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tadol 02-26-2020 03:59 PM

A Tonedexter story
James May invited me to see ‪Lyle Lovett‬ís acoustic band perform ‪Sunday night‬, as he had an invitation to assist one of the musicians, Jeff White, set-up his Tonedexter better. Jeff plays acoustic guitar and mandolin. He had made some wavemaps with the mics he had available to him, but was having some problems getting the sound he wanted. James first asked what pickup he was using on his guitar.* When Jeffís answer came back as the Baggs LB6, James knew immediately that there might be an issue with the wavemaps since the LB6 has two strings (G&B) out of phase with the rest. Jeff was not aware of this and had trained it with all 6 strings. I knew a little about that as my Barbera has every other string out of phase, and it also requires some special picking so you train the Tonedexter with just strings that are in-phase with each other.

So James made a wedge out of a paper towel, and shoved it in to essentially mute those two strings so as not to accidentally sound them during training. He hooked up his SM81 and created few new wavemaps. With the new firmware, training is incredibly fast. In less than 10 minutes, he had 3 new wavemaps to try from different mic positions (took longer to get the mic properly situated than to train!). The new wavemaps sounded MUCH better - you really want a very flat response mic with as little coloring as possible, so some very expensive mics that may be great for vocals arenít best for training. Jeffís original maps sounded a bit hollow by comparison. The new ones were meaty and present.
Then, James took an extra 10 minutes and using the same mic, made a few new wavemaps on Jeffís other Tonedexter which he uses with his mandolin. Again - very good new wavemaps, both done very quickly in a dressing room while other members of the band stuck their head in to see what was happening.*
From there, we headed to the stage for a soundcheck -*my band has a couple PA speakers, and a couple monitors, but Iíve never had any experience with a professional set-up like this. Stage monitors, in-ears, and a stack of amps and speakers that I normally only see from the nose-bleed section. Plus, back-stage sound board and engineer, out front sound board and engineer, lighting engineers, various roadies and techs for instruments, mics - the professionalism and skill of all these people working together was scary awesome. But James seemed to be very comfortable working with them, and Jeffs pedal board was set on stage, instruments plugged in, and ready to go in two minutes. The initial sound quality was amazing - I donít think there was a soul within earshot who didnít pause and turn to look. There was some tweaking, trying the 3 wave-maps, character settings, but again, the best was to start by flattening out all the previous EQ settings, and then making some very minor adjustments. Lots of comments about how great the sound was -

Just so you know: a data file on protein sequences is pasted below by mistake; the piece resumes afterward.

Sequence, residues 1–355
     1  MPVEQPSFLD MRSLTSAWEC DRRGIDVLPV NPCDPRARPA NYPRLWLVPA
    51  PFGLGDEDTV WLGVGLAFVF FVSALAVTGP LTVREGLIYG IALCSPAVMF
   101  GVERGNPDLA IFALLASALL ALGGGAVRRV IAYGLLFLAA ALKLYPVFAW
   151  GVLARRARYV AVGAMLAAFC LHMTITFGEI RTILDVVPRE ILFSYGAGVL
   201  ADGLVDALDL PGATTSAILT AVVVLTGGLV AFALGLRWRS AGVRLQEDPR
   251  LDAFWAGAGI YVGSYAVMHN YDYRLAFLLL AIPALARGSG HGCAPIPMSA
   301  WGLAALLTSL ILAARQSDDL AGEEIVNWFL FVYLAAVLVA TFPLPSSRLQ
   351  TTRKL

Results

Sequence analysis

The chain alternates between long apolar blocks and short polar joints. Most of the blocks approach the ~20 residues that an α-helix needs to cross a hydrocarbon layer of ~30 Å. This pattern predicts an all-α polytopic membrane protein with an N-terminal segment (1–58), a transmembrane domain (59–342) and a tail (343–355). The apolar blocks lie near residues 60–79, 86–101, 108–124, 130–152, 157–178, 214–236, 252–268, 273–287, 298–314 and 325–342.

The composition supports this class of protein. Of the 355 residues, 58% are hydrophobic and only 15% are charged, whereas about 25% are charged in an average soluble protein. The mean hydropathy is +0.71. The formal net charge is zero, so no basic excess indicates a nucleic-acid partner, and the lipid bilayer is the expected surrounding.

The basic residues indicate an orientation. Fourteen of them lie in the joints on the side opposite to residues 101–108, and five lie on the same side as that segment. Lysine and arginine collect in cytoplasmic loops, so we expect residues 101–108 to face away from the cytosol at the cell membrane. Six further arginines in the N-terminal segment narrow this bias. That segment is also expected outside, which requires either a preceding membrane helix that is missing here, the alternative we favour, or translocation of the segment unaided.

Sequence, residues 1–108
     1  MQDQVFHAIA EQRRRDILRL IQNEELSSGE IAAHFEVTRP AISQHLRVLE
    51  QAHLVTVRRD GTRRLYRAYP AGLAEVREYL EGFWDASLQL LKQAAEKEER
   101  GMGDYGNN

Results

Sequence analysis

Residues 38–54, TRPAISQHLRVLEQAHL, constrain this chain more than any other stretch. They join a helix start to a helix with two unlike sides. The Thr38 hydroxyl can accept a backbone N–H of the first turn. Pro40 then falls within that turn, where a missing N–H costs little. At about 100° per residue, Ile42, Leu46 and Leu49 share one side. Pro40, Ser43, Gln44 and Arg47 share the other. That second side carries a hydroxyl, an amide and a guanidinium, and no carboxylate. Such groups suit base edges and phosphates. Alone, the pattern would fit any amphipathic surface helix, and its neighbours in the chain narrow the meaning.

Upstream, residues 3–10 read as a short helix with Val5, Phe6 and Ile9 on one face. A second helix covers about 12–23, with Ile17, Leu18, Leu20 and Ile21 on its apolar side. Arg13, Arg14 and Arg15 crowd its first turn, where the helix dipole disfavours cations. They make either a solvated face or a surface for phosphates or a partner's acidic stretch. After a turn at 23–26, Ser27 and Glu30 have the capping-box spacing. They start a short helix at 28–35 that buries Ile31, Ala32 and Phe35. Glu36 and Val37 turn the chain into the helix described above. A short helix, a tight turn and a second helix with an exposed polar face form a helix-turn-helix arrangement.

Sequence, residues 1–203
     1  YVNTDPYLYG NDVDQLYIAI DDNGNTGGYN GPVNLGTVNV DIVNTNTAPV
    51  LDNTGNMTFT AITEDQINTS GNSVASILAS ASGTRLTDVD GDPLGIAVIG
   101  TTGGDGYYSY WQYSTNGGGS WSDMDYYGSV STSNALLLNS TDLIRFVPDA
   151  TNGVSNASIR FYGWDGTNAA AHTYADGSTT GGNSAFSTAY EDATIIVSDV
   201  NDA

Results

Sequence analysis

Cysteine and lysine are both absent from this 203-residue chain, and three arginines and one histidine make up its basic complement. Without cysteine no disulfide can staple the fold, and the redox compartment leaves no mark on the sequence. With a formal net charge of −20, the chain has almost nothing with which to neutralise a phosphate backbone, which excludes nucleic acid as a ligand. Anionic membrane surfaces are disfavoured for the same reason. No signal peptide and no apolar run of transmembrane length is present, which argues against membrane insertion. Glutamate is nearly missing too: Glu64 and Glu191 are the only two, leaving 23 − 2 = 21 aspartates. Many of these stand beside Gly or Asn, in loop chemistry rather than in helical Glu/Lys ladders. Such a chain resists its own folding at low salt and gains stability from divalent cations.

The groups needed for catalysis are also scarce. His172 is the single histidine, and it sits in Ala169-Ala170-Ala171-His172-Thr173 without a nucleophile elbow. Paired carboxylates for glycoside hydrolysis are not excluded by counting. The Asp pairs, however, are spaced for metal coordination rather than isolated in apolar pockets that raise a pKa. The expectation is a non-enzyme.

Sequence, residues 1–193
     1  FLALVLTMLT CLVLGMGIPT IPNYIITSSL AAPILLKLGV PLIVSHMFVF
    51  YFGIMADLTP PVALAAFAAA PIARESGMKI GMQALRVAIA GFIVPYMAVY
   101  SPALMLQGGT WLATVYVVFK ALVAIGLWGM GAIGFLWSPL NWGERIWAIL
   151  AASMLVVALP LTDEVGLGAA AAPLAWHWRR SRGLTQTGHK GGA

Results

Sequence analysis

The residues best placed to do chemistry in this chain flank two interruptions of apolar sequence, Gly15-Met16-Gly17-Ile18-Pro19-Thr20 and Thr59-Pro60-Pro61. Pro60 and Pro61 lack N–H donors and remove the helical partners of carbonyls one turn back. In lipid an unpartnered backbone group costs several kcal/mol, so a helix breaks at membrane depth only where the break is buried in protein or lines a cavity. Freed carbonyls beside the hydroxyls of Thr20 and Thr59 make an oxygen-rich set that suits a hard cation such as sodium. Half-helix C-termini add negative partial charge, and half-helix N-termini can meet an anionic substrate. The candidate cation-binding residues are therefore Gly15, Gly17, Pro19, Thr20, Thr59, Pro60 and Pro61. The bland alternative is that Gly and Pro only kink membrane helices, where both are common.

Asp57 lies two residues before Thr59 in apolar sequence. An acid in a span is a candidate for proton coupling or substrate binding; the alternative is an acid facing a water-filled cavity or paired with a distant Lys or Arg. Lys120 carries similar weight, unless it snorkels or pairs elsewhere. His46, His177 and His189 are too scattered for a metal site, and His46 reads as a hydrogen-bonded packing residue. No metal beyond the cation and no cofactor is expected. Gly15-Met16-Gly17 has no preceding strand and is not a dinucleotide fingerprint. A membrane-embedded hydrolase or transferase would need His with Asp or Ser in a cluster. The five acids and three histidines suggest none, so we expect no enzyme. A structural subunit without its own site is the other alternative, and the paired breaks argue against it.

Then out in front, to the house soundboard - again, incredible sound, but there was more work as they have to deal with room acoustics, none of which I understand, but hearing Jeffsí dread or his mandolin filling the auditorium was wonderful. The other players were equally impressed, and I think James will probably be shipping out a few more Tonedexters very soon, to get similar sound from the dobro, fiddle, and other guitar.

The show was great - Lyle is a great performer - and afterwards we went backstage and chatted with Jeff and Lyle, mostly about the challenge of getting acoustic instruments to sound good on stage without the hassles of using mics. Iíd post some pics of that, but their publicity guy hasnít forwarded the, to me yet - :-(

We stayed at my place on the Marin coast, and after breakfast we took a look at my Santa Cruz baritone that I had put an Ultratonic pickup in a little while ago. It was my first try, and wasnít convinced Iíd gotten my settings correct - but James checked, and Iíd gotten it about perfect, which was quite reassuring - I posted about that install earlier - but now I have complete confidence that I can install a couple more with equally good results.

Then, James updated the firmware in my Tonedexter to the latest, which is ridiculously easy (but I couldnít find my SD card), and then he used his SM81 to train both the baritone and also my maple SC F guitar with a K&K pickup. Iíd really liked the Tonedexter before, but with these new wave maps, it was like the difference between night and day. Especially the baritone - it was really incredible in tone, and clarity, and just a plain natural sound, which with a great instrument, is all I really want. And to be able to crank it up, and even facing the amp from just a couple feet away, fantastic sound with no feedback.